In addition to damaging property, rats carry diseases that can wipe out humanoid communities. Five years ago, the chicken farms of Beaverwood, a small village on the western shore of the Wyvernwater, attracted hungry rats by the thousands. The rats brought a contagious lung disease that infected the entire population. By summer's end, all of the villagers were dead. Cormyrean administrators wouldn't let anyone enter the infected village, including relatives of the deceased. After consulting with religious leaders, who conducted funeral rites from platforms overlooking the village, the administrators ordered Beaverwood burned to the ground. About half the rats were incinerated. The rest escaped.
Livestock farms, particularly those near forests, are as likely to be victimized by wolves as rats. Wolves have a voracious appetite for sheep, pigs, and calves, and won't let a couple of farmers stand in their way of a meal, even if the farmers carry battle axes and long swords. Wolves pose a particular threat in winter when wild game becomes scarce.
Though rare in most of the settled lands, baboons thrive in the Hullack Forest and in parts of the Arch Wood. They've learned to count on humanoid communities as sources of food the year round. Baboons strip fruit orchards in the spring, raid corn fields in the summer, and break into homes in the winter, smashing windows or gnawing down doors if necessary. Generally, baboons remain oblivious to humanoids. If left alone, a baboon will pick apples alongside a farmer, or nibble an ear of corn while hitching a ride in a farmer's wagon. If harassed, a docile baboon becomes a vicious aggressor, leaping on its tormentor in a rage of screeches and slashing teeth. If you encounter a female baboon, leave her children alone. Should an infant baboon die at the hands of a humanoid, the mother will replace it with a humanoid baby, preferably one of the perpetrator's offspring. If necessary, the mother baboon will enter the perpetrator's home at night and snatch an infant from its cradle.
While most experienced travelers are familiar with poisonous serpents and insects, I'd be remiss if I didn't warn you of some of the unusual venomous creatures in settled lands. For instance, a field mouse that dwells in the forests of Farrowdale sports a pair of curved incisors that continually drip a milky fluid deadly enough to fell a war horse. The mice lair in rotten logs and abandoned gopher holes, eating insects and grubs. Farrowdale mice are whirlwinds of frenzied activity. They dart after blowing leaves, pounce on blades of grass, and snap at any creature who wanders by, regardless of its size.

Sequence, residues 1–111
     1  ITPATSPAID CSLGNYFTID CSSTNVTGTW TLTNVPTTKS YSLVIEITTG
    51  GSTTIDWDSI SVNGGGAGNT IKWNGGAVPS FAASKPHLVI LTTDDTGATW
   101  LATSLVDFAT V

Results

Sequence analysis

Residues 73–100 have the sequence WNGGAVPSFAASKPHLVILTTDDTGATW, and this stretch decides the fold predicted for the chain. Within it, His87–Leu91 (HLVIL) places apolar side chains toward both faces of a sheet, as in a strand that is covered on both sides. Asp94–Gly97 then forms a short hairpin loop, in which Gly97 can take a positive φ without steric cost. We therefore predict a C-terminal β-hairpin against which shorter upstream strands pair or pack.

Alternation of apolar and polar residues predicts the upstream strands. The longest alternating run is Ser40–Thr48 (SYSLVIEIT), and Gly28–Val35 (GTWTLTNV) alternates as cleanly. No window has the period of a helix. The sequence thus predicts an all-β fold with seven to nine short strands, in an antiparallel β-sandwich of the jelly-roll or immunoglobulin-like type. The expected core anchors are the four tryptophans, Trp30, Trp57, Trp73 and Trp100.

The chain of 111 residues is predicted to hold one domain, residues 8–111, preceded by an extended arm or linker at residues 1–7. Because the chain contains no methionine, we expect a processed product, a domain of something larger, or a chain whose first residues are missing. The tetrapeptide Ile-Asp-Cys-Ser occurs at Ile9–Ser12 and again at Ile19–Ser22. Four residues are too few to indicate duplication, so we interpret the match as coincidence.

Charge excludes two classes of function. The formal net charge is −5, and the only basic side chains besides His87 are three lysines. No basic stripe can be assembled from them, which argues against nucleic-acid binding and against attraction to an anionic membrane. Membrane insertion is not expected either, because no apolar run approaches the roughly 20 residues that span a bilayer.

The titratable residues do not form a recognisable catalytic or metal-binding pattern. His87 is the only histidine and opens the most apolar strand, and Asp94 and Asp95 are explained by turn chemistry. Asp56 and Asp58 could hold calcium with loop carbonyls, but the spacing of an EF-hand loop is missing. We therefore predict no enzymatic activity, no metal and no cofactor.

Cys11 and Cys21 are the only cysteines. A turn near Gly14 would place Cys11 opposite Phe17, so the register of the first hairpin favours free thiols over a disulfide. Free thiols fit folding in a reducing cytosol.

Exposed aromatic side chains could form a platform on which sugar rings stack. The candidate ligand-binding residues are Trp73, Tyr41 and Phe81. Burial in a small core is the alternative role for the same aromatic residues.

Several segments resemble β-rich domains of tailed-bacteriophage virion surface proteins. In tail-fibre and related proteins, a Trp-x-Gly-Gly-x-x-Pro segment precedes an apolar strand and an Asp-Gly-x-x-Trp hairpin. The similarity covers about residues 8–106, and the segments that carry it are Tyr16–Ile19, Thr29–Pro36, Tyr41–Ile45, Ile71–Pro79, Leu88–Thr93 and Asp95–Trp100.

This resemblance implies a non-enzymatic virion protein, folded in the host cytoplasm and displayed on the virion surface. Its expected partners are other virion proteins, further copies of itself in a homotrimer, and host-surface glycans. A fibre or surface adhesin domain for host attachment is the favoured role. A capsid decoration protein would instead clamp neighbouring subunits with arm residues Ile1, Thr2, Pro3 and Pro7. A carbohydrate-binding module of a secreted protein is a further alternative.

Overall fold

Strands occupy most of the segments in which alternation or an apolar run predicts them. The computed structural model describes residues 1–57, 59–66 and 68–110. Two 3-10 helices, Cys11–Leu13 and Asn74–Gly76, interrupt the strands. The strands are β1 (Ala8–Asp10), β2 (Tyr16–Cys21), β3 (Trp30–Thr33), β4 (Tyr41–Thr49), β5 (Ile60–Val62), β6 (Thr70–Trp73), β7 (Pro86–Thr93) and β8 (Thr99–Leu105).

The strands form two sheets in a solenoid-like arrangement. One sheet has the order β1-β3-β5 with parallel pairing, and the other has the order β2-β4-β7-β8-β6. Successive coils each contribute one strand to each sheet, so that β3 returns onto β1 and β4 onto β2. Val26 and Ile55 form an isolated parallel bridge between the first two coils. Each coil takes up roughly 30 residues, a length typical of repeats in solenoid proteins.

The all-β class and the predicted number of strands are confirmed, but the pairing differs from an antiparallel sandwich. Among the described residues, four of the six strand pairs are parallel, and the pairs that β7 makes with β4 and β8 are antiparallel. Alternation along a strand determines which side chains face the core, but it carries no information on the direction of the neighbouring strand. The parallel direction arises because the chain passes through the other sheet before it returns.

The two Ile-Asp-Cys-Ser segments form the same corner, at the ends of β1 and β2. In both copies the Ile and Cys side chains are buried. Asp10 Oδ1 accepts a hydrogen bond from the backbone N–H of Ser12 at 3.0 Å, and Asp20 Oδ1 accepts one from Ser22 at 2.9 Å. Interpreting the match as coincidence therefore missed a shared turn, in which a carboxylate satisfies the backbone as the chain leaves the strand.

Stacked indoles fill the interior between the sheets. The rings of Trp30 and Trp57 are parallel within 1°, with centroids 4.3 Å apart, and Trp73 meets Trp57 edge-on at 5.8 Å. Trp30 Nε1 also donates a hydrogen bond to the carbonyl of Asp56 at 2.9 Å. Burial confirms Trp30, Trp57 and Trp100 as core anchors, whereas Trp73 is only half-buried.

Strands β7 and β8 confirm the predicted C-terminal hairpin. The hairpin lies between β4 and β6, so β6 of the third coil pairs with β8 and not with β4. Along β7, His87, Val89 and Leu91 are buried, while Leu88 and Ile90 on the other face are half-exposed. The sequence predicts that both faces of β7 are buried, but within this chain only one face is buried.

The copper opossum, a native of the Cormyr foothills, is as shy as the Farrowdale mouse is aggressive. It spends most of the day eating weeds and seedlings, rolling itself into a tight ball whenever it feels threatened. If handled, the opossum kicks with its hind legs, piercing its oppressor with tiny spikes located just above its feet. The spikes secrete poison that causes paralysis. Incidentally, the opossum's fur contains actual copper; if processed by a knowledgeable craftsman, the fur of a mature copper opossum yields 2-5 pounds of metal.
The gray flatfish of the River Arkhen resemble granite stones about a half-inch thick and a foot in diameter. They lie perfectly still on the bottoms of shallow streams, eating any algae or refuse that happens to drift by. Travelers wading across streams may step on these fish by accident, as they're virtually indistinguishable from stones. Pressure on the flatfish's back causes dozens of inch-long spines to become erect; the rough spines can easily penetrate shoe leather. The spines inject poison that inflicts extreme, debilitating pain lasting as long as a week.
The cobra trout, which lives in the Deeping Stream, is one of the few fresh water fish with a poisonous bite. Extremely territorial, the cobra trout lunges at any creature that comes within a few feet. This fish can exist on dry land for as long as an hour, using tiny fins to haul itself along the ground. Fortunately, its bright silver scales make it easy to recognize and avoid.
Poisonous Creatures of the Settled Lands
For the Farrowdale mouse and the copper opossum, use the normal mouse and opossum statistics. If either creature makes a successful attack, the victim is poisoned.
Poison Effects Table
|Creature||Onset Time||Result of Failed Saving Throw *|
|Farrowdale mouse||1-4 rounds||Victim doubled over in pain for the next 2-5 (1d4) hours; can take no actions during that time.|
|Copper opossum||1 round||Victim suffers effects similar to those of a temporal stasis spell. Effects persist until victim benefits from dispel magic, neutralize poison, temporal reinstatement, or a comparable spell.|
|Gray flatfish||2-8 rounds||Victim experiences intense pain throughout his body for next 2d4 days. During that time, he makes all attack rolls and ability checks at a -2 penalty.|
|Cobra trout||1-4 turns||1d6 Con initial, 2d6 Con secondary damage|
|*A successful saving throw means no damage. Victims of the Farrowdale mouse, copper opossum, and gray flatfish receive no modifiers to their saving throws. Cobra trout victims receive a -4 modifier.|